What's Diminished Value?

Maybe You Already Know

Have you or a friend ever owned a car that has suffered from diminished value? Are you familiar with the term? Well the concept, represented by the "diminution in value theory" is gaining strength as a major insurance consumer concern. The theory is that damage to an auto often results in a monetary loss in its market value. In other words, there is a monetary difference between a car's pre-accident value and its value after accidental damage has been repaired. Martha's Tale

Martha Bye-lemun had a personal auto policy that originally covered her '96 Buick Regal. Martha bought a '99 Lexus and, instead of trading in her Buick, she decided to sell it. Martha notified her agent and both cars were listed on her policy.

Martha's research showed that the car should be worth around $7,500. The evening of the same day that Martha put her Buick on her front lawn with a "For Sale" sign in its windshield, a very heavy branch from her oak tree fell and smashed the Buick's roof. The Buick was repaired for $1,700. However, when Martha later sold the car; the most she could get was $6,300. Types Of Diminished Value

Diminished Value may exist in several forms which are variously defined, including actual, real, perceived, psychological and others. The following terms describe different types of the Diminished Value (DV) concept:

Inherent DV: This is merely a general conviction that a vehicle which has been wrecked and is then repaired is less valuable. This belief is generally unaffected by:

  • having information on the scope of the repairs
  • whether there are any visible signs of repair

Example: Will Prudunt is ready to get a new car. Although his '94 model has served him well, he's ready for a change. Will finds his dream car and is now ready to make the best deal he can on his '94. Will and the sales rep look over his '94 and agree on a $3,950 trade-in. As they discuss the loan papers, the rep asks Will if the '94 has ever been in an accident. Will slaps his forehead and says "Oops, I was rear-ended three years ago. My insurer paid about $2,000 in repairs." The sales rep then picks up the finance paperwork and says that he will have to re-figure the agreement. When he comes back, the rep says that they can only offer him $2,400 on the trade-in. Will points out that he's never had any problems with the car and that it ran even better after the repairs...the rep won't budge on the lower trade-in offer.

Claim Related DV: This is actual diminished value that places responsibility for the reduced value on an insurer. It refers to any instance where an insurer's action or practice results in an inferior vehicle repair. Note that this term is subjective because there are various opinions about what constitutes an inadequate repair. What is considered a below-standard result that is created by an insurer may involve an insurer's:

  • insistence upon the use of selected auto repair facilities
  • preference or requirement that a repair facility use after-market, rather than original, equipment and manufacturer parts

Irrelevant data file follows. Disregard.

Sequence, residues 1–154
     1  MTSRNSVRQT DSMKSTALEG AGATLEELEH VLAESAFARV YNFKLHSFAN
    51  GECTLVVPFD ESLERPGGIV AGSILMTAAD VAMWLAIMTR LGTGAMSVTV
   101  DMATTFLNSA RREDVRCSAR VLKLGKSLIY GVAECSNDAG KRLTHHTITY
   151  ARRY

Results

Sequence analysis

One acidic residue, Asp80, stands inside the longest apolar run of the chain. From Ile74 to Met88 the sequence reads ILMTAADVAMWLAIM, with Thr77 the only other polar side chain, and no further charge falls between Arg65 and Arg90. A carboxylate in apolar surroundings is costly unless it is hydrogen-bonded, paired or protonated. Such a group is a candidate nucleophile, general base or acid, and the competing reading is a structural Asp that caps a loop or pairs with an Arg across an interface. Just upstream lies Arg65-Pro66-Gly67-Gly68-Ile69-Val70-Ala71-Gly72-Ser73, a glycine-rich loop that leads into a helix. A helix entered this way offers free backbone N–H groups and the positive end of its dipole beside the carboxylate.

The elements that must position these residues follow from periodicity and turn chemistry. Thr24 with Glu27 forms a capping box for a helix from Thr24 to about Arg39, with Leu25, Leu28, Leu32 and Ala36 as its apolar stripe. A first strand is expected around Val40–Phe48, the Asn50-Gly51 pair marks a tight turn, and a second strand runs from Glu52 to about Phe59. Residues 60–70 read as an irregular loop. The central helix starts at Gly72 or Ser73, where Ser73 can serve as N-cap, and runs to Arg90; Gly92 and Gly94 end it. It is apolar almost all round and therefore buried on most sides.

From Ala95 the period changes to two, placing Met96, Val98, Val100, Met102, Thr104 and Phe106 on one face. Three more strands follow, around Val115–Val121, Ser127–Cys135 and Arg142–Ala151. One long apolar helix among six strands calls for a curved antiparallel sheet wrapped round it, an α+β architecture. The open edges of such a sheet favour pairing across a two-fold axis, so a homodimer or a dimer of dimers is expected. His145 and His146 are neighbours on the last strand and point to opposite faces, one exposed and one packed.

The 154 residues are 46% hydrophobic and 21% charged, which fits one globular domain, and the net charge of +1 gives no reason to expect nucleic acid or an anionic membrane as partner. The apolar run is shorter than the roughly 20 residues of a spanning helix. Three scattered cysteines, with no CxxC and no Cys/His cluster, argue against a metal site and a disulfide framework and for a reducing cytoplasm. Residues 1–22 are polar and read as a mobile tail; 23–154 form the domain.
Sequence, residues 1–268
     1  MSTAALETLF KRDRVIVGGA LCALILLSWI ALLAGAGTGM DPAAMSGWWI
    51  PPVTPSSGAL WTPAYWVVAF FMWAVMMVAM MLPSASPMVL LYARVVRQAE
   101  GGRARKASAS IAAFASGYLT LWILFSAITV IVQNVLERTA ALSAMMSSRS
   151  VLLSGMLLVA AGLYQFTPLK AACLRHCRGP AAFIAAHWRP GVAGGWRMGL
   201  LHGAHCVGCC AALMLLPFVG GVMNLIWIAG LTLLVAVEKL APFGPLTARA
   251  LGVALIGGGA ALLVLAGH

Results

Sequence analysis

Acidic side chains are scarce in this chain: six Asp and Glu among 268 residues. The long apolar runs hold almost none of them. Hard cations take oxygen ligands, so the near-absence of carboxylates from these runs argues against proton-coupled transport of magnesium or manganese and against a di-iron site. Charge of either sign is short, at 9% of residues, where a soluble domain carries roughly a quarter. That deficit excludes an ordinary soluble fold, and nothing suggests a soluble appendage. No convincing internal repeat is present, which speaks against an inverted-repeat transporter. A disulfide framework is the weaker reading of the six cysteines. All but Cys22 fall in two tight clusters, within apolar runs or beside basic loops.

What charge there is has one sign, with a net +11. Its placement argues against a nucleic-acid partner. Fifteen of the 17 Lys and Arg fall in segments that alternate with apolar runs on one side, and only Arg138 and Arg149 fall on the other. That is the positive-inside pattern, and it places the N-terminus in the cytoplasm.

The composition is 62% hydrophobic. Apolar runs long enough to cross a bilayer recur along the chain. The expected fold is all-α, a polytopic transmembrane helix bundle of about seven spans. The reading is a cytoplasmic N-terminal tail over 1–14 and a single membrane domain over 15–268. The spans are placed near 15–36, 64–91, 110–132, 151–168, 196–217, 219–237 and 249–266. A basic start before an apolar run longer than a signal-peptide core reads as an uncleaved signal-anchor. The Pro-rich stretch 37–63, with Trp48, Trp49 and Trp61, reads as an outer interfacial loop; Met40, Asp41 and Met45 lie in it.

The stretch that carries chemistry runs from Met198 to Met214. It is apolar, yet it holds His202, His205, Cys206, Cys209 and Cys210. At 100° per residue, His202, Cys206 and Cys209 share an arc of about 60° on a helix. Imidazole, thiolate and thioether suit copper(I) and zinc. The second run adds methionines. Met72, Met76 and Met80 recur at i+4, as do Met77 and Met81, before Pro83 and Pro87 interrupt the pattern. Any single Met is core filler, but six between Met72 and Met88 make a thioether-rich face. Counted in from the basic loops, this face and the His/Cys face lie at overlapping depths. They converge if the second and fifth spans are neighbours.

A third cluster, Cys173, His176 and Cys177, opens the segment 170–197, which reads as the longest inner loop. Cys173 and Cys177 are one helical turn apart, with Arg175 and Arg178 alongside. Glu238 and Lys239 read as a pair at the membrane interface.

• refusal to pay for additional repair procedures identified by a repair facility.

Repair Related DV: This is actual diminished value that places responsibility for the reduced value on a repair facility. It refers to any instance where a repair facility's action or practice results in an inferior vehicle repair. Note that this term is also subjective because there are various opinions about what constitutes an inadequate repair. What is considered a below-standard result that is created by a repair facility may involve a facility's:

  • completed work which includes below standard labor or improper procedures
  • completed repairs where below-standard parts were used when an insurer authorized standard parts
  • incomplete repairs when an insurer authorized that all needed repairs be performed.
IS Dimished Valued Covered?

This has long been a great debate among insurance companies, lawyers, state courts, consumers (including activist groups), auto parts manufacturers, auto repairs shops and others. The focus on whether such losses are covered concentrates on claims that a policyholder would make to his insurer for damage to his or her own car. Answering this question is only clear from one's viewpoint. Supporters of the DV theory say that these losses are real and should be reimbursed under an insurance policy whenever there is accidental damage to a covered car. Other groups say that such losses are akin to depreciation and were never intended to be covered. Factors which affect this debate are numerous, including:

  • Can DV be accurately measured?
  • What are the financial stakes of the groups supporting each side of the issue?
  • Should DV be considered only when a vehicle is repaired and then sold?
  • How is an older car's "pre-accident" value measured?
  • Should repair shops or insurers bear the responsibility for DV?
  • The wording of applicable insurance policies.
  • Current and pending state laws involving DV.
  • If DV is paid and a vehicle owner sells the car without a loss of market value, does the DV payment have to be returned to the insurer?
What To Do About DV

The only thing that is really important to you is your unique coverage situation. Depending upon the age and value of your cars, you may or may not have a concern over this issue. If you do, your best bet is to discuss your concerns with an insurance professional. You can find out what coverage options may be available or, at the very least, gain a better understanding of your existing coverage.


COPYRIGHT: Insurance Publishing Plus, Inc. 1999

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